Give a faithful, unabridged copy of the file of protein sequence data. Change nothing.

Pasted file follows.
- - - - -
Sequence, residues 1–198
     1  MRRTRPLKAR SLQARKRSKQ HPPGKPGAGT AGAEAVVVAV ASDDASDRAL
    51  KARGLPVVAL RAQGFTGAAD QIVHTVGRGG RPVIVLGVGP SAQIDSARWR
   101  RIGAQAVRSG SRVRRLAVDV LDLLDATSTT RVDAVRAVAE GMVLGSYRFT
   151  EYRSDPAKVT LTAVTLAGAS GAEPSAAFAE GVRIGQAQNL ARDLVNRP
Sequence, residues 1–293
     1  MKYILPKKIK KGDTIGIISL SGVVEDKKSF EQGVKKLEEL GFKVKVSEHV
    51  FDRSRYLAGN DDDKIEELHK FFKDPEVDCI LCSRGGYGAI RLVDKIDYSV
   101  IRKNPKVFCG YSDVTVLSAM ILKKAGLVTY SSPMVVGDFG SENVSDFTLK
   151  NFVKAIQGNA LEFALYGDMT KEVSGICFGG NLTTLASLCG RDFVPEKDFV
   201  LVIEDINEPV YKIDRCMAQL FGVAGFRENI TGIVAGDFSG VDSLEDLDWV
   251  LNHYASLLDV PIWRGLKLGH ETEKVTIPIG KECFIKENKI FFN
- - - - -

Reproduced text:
Sequence, residues 1–198
     1  MRRTRPLKAR SLQARKRSKQ HPPGKPGAGT AGAEAVVVAV ASDDASDRAL
    51  KARGLPVVAL RAQGFTGAAD QIVHTVGRGG RPVIVLGVGP SAQIDSARWR
   101  RIGAQAVRSG SRVRRLAVDV LDLLDATSTT RVDAVRAVAE GMVLGSYRFT
   151  EYRSDPAKVT LTAVTLAGAS GAEPSAAFAE GVRIGQAQNL ARDLVNRP
Sequence, residues 1–293
     1  MKYILPKKIK KGDTIGIISL SGVVEDKKSF EQGVKKLEEL GFKVKVSEHV
    51  FDRSRYLAGN DDDKIEELHK FFKDPEVDCI LCSRGGYGAI RLVDKIDYSV
   101  IRKNPKVFCG YSDVTVLSAM ILKKAGLVTY SSPMVVGDFG SENVSDFTLK
   151  NFVKAIQGNA LEFALYGDMT KEVSGICFGG NLTTLASLCG RDFVPEKDFV
   201  LVIEDINEPV YKIDRCMAQL FGVAGFRENI TGIVAGDFSG VDSLEDLDWV
   251  LNHYASLLDV PIWRGLKLGH ETEKVTIPIG KECFIKENKI FFN